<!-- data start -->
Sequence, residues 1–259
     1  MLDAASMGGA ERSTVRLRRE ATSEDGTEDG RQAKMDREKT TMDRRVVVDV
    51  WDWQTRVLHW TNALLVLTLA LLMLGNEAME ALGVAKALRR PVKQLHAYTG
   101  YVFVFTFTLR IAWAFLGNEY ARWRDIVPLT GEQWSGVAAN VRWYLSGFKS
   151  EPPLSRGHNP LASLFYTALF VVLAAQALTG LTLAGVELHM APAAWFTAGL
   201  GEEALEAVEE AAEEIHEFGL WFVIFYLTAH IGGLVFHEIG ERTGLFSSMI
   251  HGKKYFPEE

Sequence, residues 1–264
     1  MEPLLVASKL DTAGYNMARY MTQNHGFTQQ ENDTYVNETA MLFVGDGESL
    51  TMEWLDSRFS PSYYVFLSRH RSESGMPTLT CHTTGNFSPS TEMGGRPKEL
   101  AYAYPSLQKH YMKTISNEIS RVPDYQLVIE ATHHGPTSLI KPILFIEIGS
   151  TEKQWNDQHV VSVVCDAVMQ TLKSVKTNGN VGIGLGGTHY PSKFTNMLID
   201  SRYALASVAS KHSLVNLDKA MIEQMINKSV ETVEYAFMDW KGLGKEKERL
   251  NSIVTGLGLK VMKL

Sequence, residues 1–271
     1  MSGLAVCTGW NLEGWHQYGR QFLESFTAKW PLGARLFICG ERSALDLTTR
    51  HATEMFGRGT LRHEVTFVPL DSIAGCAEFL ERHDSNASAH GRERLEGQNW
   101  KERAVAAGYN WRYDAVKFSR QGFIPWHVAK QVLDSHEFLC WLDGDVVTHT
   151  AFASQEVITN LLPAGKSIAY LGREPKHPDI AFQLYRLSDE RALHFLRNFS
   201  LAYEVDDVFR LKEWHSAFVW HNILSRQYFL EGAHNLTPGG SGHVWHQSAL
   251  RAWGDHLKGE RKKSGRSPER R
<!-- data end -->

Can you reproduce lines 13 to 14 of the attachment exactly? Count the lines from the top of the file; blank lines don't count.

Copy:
   201  SRYALASVAS KHSLVNLDKA MIEQMINKSV ETVEYAFMDW KGLGKEKERL
   251  NSIVTGLGLK VMKL